By Rabbi Elie Mischel
Powerful warriors don’t fare very well in the Bible, to put it kindly.
When Og, the giant warrior King of Bashan, attacked the people of Israel in the wilderness, Moses made quick work of him:
“King Og of Bashan, with all his people, came out to Edrei to engage them in battle. But Hashem said to Moshe, “Do not fear him, for I give him and all his people and his land into your hand… They defeated him and his sons and all his people, until no remnant was left him” (Numbers 21:33-35).
Goliath, the terrifying Philistine warrior, fared no better against young David:
“A champion of the Philistine forces stepped forward; his name was Goliath of Gath, and he was six cubits [ten feet] tall… David put his hand into the bag; he took out a stone and slung it. It struck the Philistine in the forehead; the stone sank into his forehead, and he fell face down on the ground” (I Samuel, 17:4,49)
This, it would seem, is no mere coincidence. While the pagan nations of antiquity placed their trust in their own physical strength, the people of Israel were called upon to trust in God:
“They [call] on chariots, they [call] on horses, but we call on the name of Hashem our God” (Psalms 20:8).
With the passing of time, physical strength became even more suspect in Jewish tradition. When the second Temple was destroyed and the Jewish people were sent into exile, the Jewish people were constantly in a position of physical weakness. Warriors, by and large, were antisemites; Jews were scholars and businessmen. Over time, some Jews even took pride in their powerlessness, feeling that it conferred upon them the moral high ground.
Given this history, what are we to make of Samson, the most powerful Israelite warrior in the Bible?
Samson’s defining characteristic was his superhuman strength. His strength first emerges in a one-on-one battle with a lion:
“When he came to the vineyards of Timnah [for the first time], a full-grown lion came roaring at him. The spirit of Hashem gripped him, and he tore him asunder with his bare hands as one might tear a kid asunder…” (Judges 14:5-6)
But Samson’s unbelievable strength is most apparent when he single-handedly takes on the entire Philistine army – and emerges victorious!
“He came upon a fresh jawbone of an ass and he picked it up; and with it he killed a thousand men” (Judges 15:14).
Though Samson’s physical strength and fierceness as a warrior make many people uncomfortable, Rabbi Abraham Isaac Kook, one of the greatest Jewish thinkers of modern times, had a very different perspective on Samson and his physical strength:
“Samson, who was praised for his great physical strength, was holy to God, judged the people before their Father in Heaven and is even associated with the name of God itself… In the end of days, the people of Israel will require great physical strength in service of holiness… And the holiness the people will muster is drawn from the original and holy Nazirite of God – Samson” (Letters, Volume 4, 89).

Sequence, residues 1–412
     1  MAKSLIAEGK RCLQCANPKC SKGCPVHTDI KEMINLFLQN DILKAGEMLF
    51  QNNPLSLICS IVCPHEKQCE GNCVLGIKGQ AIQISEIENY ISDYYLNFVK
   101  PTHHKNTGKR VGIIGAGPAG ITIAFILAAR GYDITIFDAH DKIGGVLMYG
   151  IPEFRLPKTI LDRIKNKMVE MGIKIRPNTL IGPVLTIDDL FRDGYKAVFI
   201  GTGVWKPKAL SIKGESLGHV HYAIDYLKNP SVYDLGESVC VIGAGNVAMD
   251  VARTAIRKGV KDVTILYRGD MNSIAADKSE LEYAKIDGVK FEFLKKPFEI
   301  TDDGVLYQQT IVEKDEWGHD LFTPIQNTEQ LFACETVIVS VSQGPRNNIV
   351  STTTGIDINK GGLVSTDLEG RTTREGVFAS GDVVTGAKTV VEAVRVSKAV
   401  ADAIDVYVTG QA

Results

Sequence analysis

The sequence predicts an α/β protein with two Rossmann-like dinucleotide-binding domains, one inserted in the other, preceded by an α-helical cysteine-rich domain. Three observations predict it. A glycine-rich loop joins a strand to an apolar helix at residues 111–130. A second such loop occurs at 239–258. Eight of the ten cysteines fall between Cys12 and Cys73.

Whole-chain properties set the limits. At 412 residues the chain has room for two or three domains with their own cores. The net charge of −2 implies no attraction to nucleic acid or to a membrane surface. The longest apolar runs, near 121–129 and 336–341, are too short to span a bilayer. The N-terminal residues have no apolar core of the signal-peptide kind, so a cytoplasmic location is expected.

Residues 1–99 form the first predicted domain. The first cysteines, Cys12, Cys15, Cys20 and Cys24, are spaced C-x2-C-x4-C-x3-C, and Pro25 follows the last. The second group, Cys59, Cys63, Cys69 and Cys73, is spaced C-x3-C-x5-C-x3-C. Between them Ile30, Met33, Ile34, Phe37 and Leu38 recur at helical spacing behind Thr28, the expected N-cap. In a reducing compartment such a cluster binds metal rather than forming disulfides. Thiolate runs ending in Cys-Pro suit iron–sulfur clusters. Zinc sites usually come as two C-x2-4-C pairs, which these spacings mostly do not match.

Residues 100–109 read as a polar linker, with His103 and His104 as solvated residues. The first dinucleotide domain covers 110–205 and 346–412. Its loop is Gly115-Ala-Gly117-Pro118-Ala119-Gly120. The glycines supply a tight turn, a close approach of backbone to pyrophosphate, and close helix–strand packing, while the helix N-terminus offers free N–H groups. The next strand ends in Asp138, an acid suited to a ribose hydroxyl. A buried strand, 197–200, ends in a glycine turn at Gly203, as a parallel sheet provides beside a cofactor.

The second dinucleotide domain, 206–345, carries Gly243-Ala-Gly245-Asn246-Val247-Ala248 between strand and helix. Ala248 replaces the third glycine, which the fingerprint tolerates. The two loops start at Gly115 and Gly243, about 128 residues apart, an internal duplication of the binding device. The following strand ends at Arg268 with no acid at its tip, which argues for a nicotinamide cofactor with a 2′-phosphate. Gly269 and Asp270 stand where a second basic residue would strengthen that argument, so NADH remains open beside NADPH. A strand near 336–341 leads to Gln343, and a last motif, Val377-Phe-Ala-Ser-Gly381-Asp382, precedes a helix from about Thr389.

Rabbi Kook believed that not only shouldn’t we be ashamed of Samson, but that the Jewish people of today must turn to Samson for inspiration! To bring the final redemption, the Jewish people must partner with God in resettling the land of Israel. 120 years ago, when the Jewish people began returning to the land, Israel was desolate; a land of mosquito-infested swamps and barren hills. To brave the elements and bring the land back to life, the Jewish people would need brute, physical strength. Incredibly, with God’s help and decades of intense labor, the pioneers succeeded in making the land flower once again.
Physical strength is also needed to protect the nation of Israel from the enemies that surround it. Though many in the Western world automatically support the Palestinians “because Israel is so powerful,” this is foolish thinking. If the Israeli army was weak, Israel’s enemies would inflict another Holocaust upon the Jewish people, God forbid. There is no shame in being strong; it is essential to God’s plan for the people of Israel!
At the same time, the people of Israel must never make the mistake of the pagans. Ultimately, no matter how physically strong we might be, we must always remember that our success is due to God. As David so beautifully said to Goliath:
“You come against me with sword and spear and javelin; but I come against you in the name of the Lord of Hosts, the God of the ranks of Israel” (I Samuel, 17:45).
Not only must we remember that our strength comes from God, but Samson reminds us that physical strength, like any other gift or ability, must be used for the sake of heaven. We are called upon to serve God with all our might, using our strength and talents to make the world a better place and to protect our people from harm. Samson’s strength, then, becomes a symbol not only of physical prowess but of the potential for the great good that lies within each and every one of us. May we all strive to use our strength and abilities in service of holiness, following in the footsteps of Samson and the many other heroes of Jewish tradition who have gone before us.